The Bassholes - It takes one to know one.

Release a Fish, Eat a Fish
on Friday 12 June 2009
by Bob Jensen


Release a Fish, Eat a Fish

Fishing season is going strong across the Midwest. There are lots of folks fishing everywhere I travel, and that's a good thing. Fishing is fun anytime, but especially now when lots of us would like a diversion from some of the things going on in the world that aren't real pleasant, fishing is an outstanding way to take a break from those things. When you're near the water waiting for a fish to eat your bait, it's easier to feel a little better about some of the stuff that goes on in our lives.

Fishing is a great way to put some of life's tribulations on hold for a while, but it's also a good way to put a meal on the table, and some folks really appreciate that right now. Some people go fishing for fun, some go for food: Lot's of people go for both reasons.

In the past few years the catch and release concept of fishing has taken a strong hold. Simply put, you catch a fish, then you release it. Catch and release is a great concept. You're recycling fish. You catch a fish, then you give someone else a chance to catch that fish. That's a pretty good deal, and it's obvious that catch and release has enhanced fisheries everywhere.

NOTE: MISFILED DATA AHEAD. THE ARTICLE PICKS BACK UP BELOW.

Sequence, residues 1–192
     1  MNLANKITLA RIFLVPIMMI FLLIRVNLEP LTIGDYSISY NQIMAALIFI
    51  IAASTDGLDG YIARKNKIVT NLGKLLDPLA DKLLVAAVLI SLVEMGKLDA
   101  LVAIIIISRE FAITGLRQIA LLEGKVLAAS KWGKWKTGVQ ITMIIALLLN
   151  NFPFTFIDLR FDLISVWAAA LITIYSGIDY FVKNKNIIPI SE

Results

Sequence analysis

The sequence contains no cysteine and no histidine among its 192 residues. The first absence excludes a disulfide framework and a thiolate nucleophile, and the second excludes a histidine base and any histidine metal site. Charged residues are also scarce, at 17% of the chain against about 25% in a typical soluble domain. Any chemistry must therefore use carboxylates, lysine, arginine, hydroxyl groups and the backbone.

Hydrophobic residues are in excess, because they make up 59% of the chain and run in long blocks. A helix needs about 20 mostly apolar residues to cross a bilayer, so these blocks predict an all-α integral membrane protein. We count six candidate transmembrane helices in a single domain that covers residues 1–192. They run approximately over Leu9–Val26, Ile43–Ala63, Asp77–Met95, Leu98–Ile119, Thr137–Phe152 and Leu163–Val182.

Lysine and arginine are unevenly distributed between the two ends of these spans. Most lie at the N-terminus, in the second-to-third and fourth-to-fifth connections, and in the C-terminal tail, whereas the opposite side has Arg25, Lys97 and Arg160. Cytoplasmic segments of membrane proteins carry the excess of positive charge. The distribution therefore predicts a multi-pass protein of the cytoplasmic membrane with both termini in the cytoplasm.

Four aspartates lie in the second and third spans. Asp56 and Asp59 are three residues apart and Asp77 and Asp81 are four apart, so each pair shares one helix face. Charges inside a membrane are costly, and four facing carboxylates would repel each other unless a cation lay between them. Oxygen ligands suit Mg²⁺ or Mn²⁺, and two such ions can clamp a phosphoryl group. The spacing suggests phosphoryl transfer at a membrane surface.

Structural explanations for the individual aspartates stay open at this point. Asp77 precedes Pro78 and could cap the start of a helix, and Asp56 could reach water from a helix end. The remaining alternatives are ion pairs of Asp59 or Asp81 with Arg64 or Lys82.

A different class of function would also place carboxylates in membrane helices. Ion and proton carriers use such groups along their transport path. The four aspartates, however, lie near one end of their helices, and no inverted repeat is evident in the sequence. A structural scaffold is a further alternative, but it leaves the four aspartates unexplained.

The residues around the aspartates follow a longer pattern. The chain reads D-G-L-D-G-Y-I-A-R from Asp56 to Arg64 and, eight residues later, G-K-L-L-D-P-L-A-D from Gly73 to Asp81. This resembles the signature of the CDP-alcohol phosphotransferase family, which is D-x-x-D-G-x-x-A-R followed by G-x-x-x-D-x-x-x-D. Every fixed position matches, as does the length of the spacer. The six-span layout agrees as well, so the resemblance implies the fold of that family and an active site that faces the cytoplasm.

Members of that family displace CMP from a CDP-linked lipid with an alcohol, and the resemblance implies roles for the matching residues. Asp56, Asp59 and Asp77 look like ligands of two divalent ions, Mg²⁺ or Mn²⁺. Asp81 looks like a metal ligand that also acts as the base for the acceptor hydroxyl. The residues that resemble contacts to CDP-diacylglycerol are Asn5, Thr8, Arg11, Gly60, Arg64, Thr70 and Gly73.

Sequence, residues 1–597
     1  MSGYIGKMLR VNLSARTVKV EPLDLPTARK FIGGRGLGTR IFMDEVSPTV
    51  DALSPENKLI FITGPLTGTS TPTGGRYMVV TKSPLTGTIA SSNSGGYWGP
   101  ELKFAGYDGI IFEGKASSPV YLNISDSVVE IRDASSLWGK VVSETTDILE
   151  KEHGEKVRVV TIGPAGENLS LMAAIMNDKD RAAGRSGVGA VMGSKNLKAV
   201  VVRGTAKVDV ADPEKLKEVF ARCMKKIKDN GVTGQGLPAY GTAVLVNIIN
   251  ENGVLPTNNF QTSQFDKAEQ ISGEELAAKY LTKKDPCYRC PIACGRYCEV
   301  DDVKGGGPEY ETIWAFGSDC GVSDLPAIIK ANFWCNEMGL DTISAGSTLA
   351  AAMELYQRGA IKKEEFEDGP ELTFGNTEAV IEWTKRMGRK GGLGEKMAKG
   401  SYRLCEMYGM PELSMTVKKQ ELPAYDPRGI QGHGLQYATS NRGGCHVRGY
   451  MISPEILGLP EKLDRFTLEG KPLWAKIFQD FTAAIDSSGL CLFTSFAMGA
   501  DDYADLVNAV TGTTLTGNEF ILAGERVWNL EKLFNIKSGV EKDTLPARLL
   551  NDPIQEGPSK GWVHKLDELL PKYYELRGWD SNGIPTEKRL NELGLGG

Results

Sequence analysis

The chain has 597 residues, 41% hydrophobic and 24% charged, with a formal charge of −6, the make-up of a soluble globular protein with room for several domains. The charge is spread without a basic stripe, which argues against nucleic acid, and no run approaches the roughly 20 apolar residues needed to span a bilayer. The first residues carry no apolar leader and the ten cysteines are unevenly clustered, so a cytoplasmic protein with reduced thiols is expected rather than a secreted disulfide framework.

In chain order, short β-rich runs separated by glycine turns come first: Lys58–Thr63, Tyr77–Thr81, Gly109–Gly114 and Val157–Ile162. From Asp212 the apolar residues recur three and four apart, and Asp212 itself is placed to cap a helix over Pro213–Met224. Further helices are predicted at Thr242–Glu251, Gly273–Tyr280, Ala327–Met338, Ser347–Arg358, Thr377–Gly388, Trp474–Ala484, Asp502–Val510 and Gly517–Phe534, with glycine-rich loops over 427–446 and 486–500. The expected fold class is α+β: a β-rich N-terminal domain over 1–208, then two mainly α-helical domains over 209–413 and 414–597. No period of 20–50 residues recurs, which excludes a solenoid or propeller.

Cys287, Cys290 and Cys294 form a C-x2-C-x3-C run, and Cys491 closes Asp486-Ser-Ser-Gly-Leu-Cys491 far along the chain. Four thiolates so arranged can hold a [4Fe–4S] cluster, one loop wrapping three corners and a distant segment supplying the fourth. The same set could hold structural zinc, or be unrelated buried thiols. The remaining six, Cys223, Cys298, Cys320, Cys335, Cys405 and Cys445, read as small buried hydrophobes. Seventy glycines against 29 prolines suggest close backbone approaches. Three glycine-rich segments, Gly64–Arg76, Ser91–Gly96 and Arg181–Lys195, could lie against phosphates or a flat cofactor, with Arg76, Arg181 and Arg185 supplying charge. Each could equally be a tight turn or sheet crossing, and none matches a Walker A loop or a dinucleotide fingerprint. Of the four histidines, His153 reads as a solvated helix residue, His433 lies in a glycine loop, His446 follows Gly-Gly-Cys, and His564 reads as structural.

However, the catch and release concept has maybe been taken too far by some anglers. Some anglers feel that every fish caught should be released. Catch and release is an option. If you want to release your catch, that's great, but if you want to keep your catch, and regulations permit you to do so, there's nothing wrong with keeping a few fish for the table. Fish are good to eat, they're good for us, and that's what they're out there for. The key is keeping the right fish.
Some fish lend themselves to catch and keep. Prolific species like yellow bass and perch and smaller walleyes are perfect for eating. They're very abundant in many lakes and they're great on the table.

On the other hand, black bass and muskies should mostly be released.

Progressive fish management regulations, mostly slot limits, have created outstanding walleye fisheries throughout the Midwest. Slot limits are simply limits where fish within a certain size "slot" must be released. That slot is usually something like seventeen to twenty five inches. Any walleye between seventeen and twenty five inches must be released. By doing so, we're protecting the brood stock of walleyes.

I was on two slot lakes recently. We caught lots of walleyes that fell in the slot and had to be released. We also caught plenty of walleyes that would have been legal to keep had we chosen to do so.

When slot limits are proposed for lakes, there is usually some complaining. However, those complainers usually like the slot limit after just a couple of years. They see that's it's more fun to catch big fish and release them then it is to catch little fish and release them, which usually happens with minimum length regulations.

The fish are biting. If you want to put your catch back, good for you. But if you want to keep a few, and if you obey the limits, don't hesitate to enjoy a fresh fish supper every now and then.

--Bob Jensen

Jensen is host of Fishing the Midwest television